Laughing off mama guilt. Can it be done?
I have a hard time laughing off my parenting fails, but sometimes a friend might laugh for me. When I shared a genuine parenting fail with a friend, she laughed. She laughed!
I knew my heart was safe with her, because she didn’t see my parenting fail like she did. I knew her well enough that she would agree I really didn’t approach my child the right way (such a parenting fail, I’d be unwise to share it en masse).
My friend’s laugh wasn’t a laugh of mockery. What I heard in her laugh, and what I learned afterward, was that I surprised her because it didn’t strike her that I would approach my child like THAT. (Even I surprised MYSELF. Welcome to parenting.)
Her laugh spoke to me: “Relax, you made a mistake. Oh well! Your ineffective parenting strategy was not a sign that you should self-condemn, heaping tons of mama guilt onto yourself.”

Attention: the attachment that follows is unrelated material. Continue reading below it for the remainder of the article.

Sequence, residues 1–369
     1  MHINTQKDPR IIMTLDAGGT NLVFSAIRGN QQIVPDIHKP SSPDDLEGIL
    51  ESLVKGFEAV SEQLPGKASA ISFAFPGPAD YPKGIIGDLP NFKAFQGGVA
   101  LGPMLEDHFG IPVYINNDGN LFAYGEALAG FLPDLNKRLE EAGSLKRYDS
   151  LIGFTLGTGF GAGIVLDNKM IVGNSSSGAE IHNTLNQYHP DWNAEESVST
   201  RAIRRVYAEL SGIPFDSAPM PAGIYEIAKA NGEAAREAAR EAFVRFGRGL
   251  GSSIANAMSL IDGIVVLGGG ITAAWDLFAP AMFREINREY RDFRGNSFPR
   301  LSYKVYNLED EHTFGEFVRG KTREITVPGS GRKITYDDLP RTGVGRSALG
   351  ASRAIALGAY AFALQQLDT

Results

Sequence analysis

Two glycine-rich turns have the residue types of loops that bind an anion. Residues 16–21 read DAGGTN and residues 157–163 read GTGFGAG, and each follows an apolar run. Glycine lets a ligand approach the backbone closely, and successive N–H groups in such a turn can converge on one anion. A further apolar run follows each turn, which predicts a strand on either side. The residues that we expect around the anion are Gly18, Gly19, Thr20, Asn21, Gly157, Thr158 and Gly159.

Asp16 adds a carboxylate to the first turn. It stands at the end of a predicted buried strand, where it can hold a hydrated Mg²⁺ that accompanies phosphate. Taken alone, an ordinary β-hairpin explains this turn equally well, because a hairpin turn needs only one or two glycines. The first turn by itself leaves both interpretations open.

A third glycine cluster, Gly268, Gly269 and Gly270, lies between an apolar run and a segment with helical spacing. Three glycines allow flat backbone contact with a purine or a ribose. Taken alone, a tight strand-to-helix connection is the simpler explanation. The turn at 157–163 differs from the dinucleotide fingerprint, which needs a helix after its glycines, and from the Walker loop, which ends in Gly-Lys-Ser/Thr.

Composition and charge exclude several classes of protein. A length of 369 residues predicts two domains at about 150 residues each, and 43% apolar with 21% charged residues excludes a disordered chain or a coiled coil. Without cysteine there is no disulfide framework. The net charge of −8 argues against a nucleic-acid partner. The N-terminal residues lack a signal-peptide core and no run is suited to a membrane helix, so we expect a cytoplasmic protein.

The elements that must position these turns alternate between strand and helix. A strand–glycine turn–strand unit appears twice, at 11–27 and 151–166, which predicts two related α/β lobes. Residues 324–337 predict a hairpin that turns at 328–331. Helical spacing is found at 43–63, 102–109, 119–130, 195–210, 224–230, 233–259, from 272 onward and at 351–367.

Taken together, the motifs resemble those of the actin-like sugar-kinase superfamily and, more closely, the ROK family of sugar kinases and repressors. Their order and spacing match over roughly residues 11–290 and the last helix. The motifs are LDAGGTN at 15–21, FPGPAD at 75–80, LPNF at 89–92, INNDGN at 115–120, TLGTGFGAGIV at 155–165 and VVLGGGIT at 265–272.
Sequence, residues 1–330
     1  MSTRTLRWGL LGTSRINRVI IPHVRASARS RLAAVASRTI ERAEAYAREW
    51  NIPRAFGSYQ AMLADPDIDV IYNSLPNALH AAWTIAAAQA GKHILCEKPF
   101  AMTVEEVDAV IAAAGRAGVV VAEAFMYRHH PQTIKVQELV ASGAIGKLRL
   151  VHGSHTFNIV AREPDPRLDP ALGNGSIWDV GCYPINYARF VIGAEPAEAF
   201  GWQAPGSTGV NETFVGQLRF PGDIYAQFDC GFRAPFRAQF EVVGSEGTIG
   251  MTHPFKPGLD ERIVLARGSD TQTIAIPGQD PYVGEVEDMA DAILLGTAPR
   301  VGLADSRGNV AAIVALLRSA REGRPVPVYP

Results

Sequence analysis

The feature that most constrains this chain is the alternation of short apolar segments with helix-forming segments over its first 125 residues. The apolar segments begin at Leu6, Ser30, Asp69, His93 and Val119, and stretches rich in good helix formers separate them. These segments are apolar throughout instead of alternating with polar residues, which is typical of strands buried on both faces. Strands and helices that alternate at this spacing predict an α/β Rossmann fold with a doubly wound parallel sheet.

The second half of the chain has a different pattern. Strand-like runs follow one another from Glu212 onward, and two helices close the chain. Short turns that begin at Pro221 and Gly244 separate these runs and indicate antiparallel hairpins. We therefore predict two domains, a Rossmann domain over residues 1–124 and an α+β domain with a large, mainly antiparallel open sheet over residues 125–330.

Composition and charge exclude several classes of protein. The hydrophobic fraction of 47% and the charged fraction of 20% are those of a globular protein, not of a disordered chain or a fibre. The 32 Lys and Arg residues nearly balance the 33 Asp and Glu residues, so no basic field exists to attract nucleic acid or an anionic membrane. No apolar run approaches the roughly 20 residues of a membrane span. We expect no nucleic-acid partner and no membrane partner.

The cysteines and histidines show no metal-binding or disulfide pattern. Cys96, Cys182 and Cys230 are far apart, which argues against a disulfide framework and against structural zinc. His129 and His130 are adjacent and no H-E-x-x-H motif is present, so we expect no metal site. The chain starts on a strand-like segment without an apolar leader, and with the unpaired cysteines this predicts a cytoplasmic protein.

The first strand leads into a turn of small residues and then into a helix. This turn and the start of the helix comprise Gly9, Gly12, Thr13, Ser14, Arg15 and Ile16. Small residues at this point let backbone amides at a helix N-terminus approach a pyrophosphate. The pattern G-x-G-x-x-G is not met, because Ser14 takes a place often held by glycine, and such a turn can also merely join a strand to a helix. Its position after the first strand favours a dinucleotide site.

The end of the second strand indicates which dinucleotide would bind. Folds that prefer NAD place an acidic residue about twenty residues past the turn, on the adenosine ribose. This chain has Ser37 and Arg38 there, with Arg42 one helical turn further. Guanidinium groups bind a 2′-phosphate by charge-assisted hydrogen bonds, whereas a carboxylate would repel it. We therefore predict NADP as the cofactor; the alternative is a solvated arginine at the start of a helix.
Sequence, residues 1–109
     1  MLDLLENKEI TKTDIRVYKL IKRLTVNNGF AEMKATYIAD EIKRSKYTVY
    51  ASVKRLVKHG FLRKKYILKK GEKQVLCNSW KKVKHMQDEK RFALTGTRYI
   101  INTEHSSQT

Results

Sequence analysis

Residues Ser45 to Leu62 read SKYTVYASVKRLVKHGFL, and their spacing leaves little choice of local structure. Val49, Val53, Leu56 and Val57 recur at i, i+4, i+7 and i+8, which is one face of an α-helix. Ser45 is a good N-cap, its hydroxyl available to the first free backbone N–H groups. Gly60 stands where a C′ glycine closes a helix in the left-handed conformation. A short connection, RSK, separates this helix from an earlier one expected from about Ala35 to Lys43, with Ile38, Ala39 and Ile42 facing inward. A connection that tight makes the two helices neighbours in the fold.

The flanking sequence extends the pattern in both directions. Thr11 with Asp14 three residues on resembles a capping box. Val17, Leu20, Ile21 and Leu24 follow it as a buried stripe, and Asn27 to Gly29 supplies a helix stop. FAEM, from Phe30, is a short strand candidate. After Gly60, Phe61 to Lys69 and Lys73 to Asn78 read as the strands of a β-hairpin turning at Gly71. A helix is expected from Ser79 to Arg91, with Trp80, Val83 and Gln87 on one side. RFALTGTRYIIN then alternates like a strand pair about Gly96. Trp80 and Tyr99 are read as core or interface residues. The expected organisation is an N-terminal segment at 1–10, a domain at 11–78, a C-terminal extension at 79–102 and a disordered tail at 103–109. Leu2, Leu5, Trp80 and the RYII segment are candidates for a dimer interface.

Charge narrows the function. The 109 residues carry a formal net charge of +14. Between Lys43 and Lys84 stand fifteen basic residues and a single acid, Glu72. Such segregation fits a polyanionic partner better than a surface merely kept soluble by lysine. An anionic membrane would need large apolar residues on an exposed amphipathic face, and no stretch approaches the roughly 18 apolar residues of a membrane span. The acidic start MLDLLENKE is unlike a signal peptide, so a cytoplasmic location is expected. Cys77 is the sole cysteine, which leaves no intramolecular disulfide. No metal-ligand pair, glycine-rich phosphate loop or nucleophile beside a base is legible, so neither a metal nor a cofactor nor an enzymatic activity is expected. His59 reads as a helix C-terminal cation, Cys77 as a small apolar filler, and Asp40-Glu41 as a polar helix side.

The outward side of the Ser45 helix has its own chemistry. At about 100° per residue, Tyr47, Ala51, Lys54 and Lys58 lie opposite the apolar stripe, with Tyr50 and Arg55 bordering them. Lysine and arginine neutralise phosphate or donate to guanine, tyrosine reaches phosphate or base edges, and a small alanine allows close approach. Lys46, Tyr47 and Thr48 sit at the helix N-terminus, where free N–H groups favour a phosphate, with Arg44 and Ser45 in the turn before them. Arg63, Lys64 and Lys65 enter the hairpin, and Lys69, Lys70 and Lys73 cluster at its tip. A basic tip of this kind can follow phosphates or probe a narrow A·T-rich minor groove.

Being honest in moments of parental indiscretion keeps me humble and keeps me from judging other parents, because I know I’m in no special league.
I won’t write the authoritative parenting book. I might be Mother Teresa (my first name), but I’ll never live up to the perception of that icon.
So when a different mama shares her guilty feelings that she’s not measuring up (a gentle mom who stops to chat with her child whenever her child enters the room, answers questions with patience, doesn’t seem to get annoyed by the noise of children playing loudly, suggests she’s probably not spending enough time playing games with her kids), I quickly tell her not to buy into the mama guilt.
Yes, we all have reasons to feel mama guilt.
Sometimes we feel guilt because it is earned — our parenting choice really wasn’t the wisest one. Sometimes we feel guilt because we are attempting to appease our unrealistic expectations.
Sometimes it’s a mix of both. Mama guilt will do nothing to propel us to learn what we need to be the mamas we need to be.